HOW do i know when i need to dispose of something? Someone just mention i had several objects in my code that i need to dispose of. I had no idea i needed to dispose anything (this is my first week with C#). How do i know when i need to dispose an object? i was using http://msdn.microsoft.com/en-us/library/system.security.cryptography.hashalgorithm.aspx and i do not see any mention of dispose on the page or seen it mention in any other objs i was told i to dispose (by someone on SO).

I know i need to when something inherits IDisposable but HOW do i KNOW when it does inherit it?


You should dispose anything that implements IDisposable. Just wrap it on an using:

   using(var some = new Something())
    //use normally

An easy way would be to type obj.disp and see if intellisense has a dispose method.

  • The problem with this is that if obj is of a type that implements IDisposable explicitly, then intellisense might not find any method with the above technique. You would then have to type IDisposable d = obj; and see if it gives an error or not. Sep 5 '12 at 13:57
  • It's correct. If saying using (obj) { } builds without error, then the compile-time type of obj implements IDisposable. And in that case you should use using. Most of the time it is then better to put a local variable assignment in the () brackets, like using (var obj = someMethodCallOrNewObjectExpression()) { ... }. Sep 6 '12 at 6:01

The class implements the interface IDisposable, that means that it has a Dispose method.

Not every class that implements IDisposable requires you to call Dispose, but most of them do. If you see that the class implements IDisposable (or has a Dispose method because it inherits the interface from a base class), you have two choises:

  1. Dig deep in the documentation to find out why the class implements IDisposable, and if you really need to call Dispose.

  2. Just call Dispose.

Either method is safe. If the Dispose method doesn't do anything, the call will be very quick. You can even call Dispose more than once without harm.

Even better then just calling the Dispose method is to use a using block:

using (FileStream s = File.OpenRead(path)) {

At the end bracket of the block the Dispose method is called automatically. The using block is implemented as a try...finally, so the Dispose method is guaranteed to be called even if an exception occurs in the block.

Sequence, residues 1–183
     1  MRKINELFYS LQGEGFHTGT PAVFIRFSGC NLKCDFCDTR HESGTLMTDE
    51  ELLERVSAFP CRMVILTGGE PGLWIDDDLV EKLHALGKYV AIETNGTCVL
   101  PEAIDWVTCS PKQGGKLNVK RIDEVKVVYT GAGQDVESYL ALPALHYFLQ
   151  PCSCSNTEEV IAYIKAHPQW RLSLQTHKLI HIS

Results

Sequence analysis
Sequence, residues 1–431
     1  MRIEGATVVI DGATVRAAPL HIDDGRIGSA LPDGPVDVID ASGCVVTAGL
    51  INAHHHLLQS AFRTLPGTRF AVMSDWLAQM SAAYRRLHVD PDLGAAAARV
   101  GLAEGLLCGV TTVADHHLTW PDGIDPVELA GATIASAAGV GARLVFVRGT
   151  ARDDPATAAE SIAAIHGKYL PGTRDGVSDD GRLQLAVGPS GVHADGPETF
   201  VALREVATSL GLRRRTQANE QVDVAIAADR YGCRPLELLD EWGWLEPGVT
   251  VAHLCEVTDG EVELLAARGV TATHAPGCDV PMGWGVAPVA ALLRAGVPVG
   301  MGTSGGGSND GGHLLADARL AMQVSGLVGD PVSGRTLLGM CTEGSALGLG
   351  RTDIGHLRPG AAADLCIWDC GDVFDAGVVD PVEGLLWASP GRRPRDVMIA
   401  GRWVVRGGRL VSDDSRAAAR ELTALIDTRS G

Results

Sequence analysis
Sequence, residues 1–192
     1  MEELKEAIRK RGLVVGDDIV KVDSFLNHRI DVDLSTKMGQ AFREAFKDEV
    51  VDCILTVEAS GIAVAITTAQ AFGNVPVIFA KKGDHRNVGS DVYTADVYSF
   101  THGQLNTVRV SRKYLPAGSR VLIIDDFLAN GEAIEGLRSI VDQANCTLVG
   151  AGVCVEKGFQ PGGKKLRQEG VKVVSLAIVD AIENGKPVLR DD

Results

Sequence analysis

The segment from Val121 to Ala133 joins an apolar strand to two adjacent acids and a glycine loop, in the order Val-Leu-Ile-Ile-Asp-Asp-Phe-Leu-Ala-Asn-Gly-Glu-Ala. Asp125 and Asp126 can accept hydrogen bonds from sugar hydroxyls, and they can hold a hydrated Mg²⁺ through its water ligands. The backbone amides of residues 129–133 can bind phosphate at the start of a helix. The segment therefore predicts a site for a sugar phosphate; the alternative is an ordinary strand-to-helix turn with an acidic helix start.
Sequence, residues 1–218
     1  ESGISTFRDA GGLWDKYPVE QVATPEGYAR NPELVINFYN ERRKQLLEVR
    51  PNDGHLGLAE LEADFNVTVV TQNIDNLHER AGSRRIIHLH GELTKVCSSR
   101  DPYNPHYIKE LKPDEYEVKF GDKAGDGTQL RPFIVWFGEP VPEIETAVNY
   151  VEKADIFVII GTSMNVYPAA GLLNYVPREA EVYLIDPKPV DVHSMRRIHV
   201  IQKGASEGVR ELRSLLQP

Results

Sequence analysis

If an class implements IDisposable you should dispose of intances of that class. If it doesn't you don't. In this case HashAlgorithm derives from ICryptoTransform which derives from IDisposable. This means all instance of classes descending from HashAlgorithm must be disposed.


You should dispose of any object that implements the IDisposable interface.

public abstract class HashAlgorithm : ICryptoTransform, 

Anything that has unmanaged resources (DB connections for example) should implement the IDisposable interface.

There are a couple of good reasons for this:

  • You know that the unmanaged resources (which are typically quite scarce) are going to be cleaned up. Usually these will be cleared up in the finalizer anyway, but due to how the GC has to tidy up objects with finalizers this could take a while.
  • If you implement the standard dispose pattern you save the GC a lot of work as it doesn't need to call the finalizer.

I know i need to when something inherits IDisposable but HOW do i KNOW when it does inherit it?

Assuming you're using Visual Studio. I usually right click on the type, then "Go To Definition". If I see that it, or any of its super classes, implement IDisposable, I make sure I call Dispose on it. This is typically done by wrapping it in a using block as others have mentioned.


"Will the last person to leave the room please turn out the lights?"

An object which implements IDisposable holds the information and impetus necessary to do some "clean-up" operations that should happen "sometime", but which can't happen while the object is still in use. If the object is totally abandoned, those clean-up operations won't happen. The system includes a custodian, with which objects can register when they are created; if an object is abandoned by absolutely everyone but the custodian, the custodian can ask the object to perform its cleanup actions before the custodian too abandons it. Note that for a variety of reasons, the custodian isn't 100% effective at handling abandoned objects. It is thus very desirable that, whenever possible, the last entity to hold a useful reference to an object dispose of it before abandoning the reference.

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